An open channel or closed pipe used to convey sewage. See C.3 and C.4
Used water from any combination of domestic, industrial, commercial or agricultural activities, surface runoff/stormwater, and any sewer inflow/infiltration.
Waste matter that is transported through the sewer.

Social Considerations

Although Dry Toilets are a widely accepted solution, it may not be appropriate in each cultural context and needs prior consultation with the users. Behaviour change rarely succeeds. Dry Toilets should reflect local user preferences ( sitter vs. squatter, anal cleansing practices, direction etc.) and should account for the accessibility and safety of all users, including men, women, children, elderly and disabled people X.10. In Muslim communities, Dry Toilets should be oriented in such a way that users neither face Qiblah (prayer point) nor face directly away from it when using the toilet. There is a frequent problem with users disposing of garbage in the toilet (such as plastic bottles) which should be addressed early on as part of the hygiene promotion activities  X.12 and solid waste management  X.8 as it negatively affects the later desludging of pits.

The process of removing the accumulated sludge from a storage or treatment facility.
A person who prefers to sit on the toilet.A person who prefers to squat over the toilet.
User interface used for urination and defecation. A person who prefers to sit on the toilet.A person who prefers to squat over the toilet.

Fact Sheet Overview

Inputs

Faeces
Urine

Outputs

Excreta

Response Phase

Acute Response + +
Stabilisation + +
Recovery + +

Challenging Ground Conditions

Suitable

Application Level

Household + +

Water-based or Dry Technology

Dry

Management Level

Household + +
Shared +
Public +

Technical Complexity

Low

Functional Group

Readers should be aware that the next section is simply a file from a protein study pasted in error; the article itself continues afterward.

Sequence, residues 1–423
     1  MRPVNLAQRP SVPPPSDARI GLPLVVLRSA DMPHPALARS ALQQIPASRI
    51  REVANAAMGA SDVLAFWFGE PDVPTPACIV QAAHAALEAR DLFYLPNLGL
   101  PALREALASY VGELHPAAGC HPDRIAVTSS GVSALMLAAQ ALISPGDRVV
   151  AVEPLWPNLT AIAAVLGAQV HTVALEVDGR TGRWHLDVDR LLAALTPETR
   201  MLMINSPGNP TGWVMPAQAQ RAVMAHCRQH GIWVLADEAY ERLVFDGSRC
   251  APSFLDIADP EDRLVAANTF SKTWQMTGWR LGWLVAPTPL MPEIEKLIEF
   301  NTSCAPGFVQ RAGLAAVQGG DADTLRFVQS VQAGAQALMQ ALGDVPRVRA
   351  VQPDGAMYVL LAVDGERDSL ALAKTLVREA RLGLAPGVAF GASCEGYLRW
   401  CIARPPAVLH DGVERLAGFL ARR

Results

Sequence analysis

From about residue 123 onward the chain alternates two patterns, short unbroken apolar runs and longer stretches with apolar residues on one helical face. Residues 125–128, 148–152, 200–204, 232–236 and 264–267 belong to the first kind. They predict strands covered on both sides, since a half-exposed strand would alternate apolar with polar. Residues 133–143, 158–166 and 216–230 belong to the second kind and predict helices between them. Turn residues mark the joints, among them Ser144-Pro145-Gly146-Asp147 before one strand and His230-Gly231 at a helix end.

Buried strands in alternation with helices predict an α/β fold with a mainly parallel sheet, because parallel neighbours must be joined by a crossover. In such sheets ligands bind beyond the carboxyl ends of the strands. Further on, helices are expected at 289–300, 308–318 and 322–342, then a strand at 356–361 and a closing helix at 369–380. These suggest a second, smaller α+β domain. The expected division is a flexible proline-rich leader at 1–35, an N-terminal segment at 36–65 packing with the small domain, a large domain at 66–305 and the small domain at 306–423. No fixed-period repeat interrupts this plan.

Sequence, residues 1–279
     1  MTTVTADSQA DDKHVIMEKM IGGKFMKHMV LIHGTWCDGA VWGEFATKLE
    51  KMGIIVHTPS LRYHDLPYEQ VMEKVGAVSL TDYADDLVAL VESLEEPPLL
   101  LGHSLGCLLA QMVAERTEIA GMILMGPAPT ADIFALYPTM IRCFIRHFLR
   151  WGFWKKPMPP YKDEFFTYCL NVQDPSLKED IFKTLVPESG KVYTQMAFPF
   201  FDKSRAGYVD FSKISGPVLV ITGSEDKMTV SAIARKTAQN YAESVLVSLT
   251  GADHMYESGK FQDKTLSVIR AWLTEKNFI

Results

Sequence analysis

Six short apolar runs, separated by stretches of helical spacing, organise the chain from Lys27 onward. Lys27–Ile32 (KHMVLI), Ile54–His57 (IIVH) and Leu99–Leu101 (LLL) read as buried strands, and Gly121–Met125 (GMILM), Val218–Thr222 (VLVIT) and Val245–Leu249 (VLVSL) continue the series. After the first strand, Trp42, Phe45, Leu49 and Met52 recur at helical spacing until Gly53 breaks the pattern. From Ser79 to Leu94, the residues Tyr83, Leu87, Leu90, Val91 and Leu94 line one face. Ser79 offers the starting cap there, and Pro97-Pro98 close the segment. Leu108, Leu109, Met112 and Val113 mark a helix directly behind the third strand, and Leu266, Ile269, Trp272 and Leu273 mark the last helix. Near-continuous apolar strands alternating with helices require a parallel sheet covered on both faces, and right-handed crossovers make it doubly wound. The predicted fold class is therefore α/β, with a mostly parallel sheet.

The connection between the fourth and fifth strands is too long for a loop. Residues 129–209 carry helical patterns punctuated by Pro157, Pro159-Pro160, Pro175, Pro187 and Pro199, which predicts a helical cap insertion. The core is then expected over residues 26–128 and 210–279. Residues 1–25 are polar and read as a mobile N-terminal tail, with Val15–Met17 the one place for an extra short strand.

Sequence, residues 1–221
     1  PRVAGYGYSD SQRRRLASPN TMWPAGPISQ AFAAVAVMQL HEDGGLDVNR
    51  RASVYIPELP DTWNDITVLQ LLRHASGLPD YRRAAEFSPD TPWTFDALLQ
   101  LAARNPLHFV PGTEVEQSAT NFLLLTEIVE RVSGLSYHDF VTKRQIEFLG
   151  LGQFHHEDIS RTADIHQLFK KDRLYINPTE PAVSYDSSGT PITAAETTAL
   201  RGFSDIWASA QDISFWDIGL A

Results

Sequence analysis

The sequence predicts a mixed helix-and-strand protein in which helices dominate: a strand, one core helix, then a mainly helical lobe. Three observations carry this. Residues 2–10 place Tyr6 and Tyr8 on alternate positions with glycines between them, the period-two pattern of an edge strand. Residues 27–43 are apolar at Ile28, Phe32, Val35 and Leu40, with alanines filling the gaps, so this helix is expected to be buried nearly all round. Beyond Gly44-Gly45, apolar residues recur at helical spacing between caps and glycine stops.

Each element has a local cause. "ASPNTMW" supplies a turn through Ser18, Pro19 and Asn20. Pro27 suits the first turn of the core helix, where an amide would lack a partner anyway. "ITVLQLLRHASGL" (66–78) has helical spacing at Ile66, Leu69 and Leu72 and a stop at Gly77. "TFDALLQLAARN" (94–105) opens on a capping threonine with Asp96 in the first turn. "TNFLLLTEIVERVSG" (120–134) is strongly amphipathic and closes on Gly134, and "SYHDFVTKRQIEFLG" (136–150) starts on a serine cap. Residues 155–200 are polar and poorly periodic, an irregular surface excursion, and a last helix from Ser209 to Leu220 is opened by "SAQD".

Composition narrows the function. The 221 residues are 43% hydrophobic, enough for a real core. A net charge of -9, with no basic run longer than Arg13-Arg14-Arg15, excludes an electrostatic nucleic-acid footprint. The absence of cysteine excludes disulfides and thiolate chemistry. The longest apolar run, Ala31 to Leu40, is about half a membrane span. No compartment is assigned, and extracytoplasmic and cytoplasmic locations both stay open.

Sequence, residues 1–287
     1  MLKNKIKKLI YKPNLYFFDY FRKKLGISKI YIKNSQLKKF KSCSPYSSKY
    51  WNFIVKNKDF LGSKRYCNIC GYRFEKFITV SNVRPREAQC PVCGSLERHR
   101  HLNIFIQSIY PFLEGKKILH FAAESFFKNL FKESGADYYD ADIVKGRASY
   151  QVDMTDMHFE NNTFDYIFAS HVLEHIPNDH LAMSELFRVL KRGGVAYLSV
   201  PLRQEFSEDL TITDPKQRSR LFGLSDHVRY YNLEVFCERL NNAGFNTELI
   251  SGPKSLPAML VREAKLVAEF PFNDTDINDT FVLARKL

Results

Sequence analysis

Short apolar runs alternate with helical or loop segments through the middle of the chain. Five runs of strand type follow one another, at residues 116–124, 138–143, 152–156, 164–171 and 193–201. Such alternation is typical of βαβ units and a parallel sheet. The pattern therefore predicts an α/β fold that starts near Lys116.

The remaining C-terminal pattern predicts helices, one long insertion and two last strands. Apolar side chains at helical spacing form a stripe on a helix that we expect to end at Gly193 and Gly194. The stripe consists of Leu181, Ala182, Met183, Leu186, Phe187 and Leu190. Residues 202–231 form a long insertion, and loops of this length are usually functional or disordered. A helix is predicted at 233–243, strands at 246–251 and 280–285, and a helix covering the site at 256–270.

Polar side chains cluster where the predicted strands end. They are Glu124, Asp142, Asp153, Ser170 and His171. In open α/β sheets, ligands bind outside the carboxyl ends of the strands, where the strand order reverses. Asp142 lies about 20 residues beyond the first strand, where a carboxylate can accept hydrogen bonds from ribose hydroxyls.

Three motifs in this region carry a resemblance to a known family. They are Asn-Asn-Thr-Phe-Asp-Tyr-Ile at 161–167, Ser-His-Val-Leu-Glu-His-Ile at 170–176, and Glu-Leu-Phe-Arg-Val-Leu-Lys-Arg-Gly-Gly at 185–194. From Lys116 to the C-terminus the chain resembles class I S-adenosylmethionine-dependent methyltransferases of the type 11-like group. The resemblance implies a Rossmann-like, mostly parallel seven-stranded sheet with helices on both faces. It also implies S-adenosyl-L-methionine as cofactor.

User Interface

Required Space

Little

Objectives & Key Features

• Barrier between user and excreta
• No flushwater needed

Strength & Weakness

  • Does not require a constant source of water
  • Can be built and repaired with locally available materials
  • Low capital and operating costs
  • Adaptable for all types of users (sitters, squatters, washers, wipers)
  • Will accept a wide range of anal cleaning materials (such as stones, sticks, leaves etc.)
  • Odours are normally noticeable (even if the vault or pit used to collect excreta is equipped with a vent pipe)
  • The excreta pile is visible, except where a deep pit is used
  • Vectors such as flies are hard to control unless fly traps and appropriate covers are used

Selected References

Construction manual for different slab designs

Brandberg, B. (1997): Latrine Building. A Handbook for Implementation of the Sanplat System. Intermediate Technology Publications, London

Morgan, P. R. (2009): Ecological Toilets. Start Simple and Upgrade from Arborloo to VIP SEI, Stockholm, Sweden

Detailed construction manuals for slabs and pit lining

CAWST (2011): Introduction to Low Cost Sanitation. Latrine Construction. A CAWST Construction Manual. CAWST, Calgary, Canada

Morgan, P. R. (2007): Toilets That Make Compost. SEI, Stockholm, Sweden

Morgan, P. R. (2009): Ecological Toilets. Start Simple and Upgrade from Arborloo to VIP SEI, Stockholm, Sweden

Guidance and checklists for design, construction and maintenance

Reed, B. (2012): An Engineer’s Guide to Latrine Slabs. WEDC, Loughborough University, Leicestershire, UK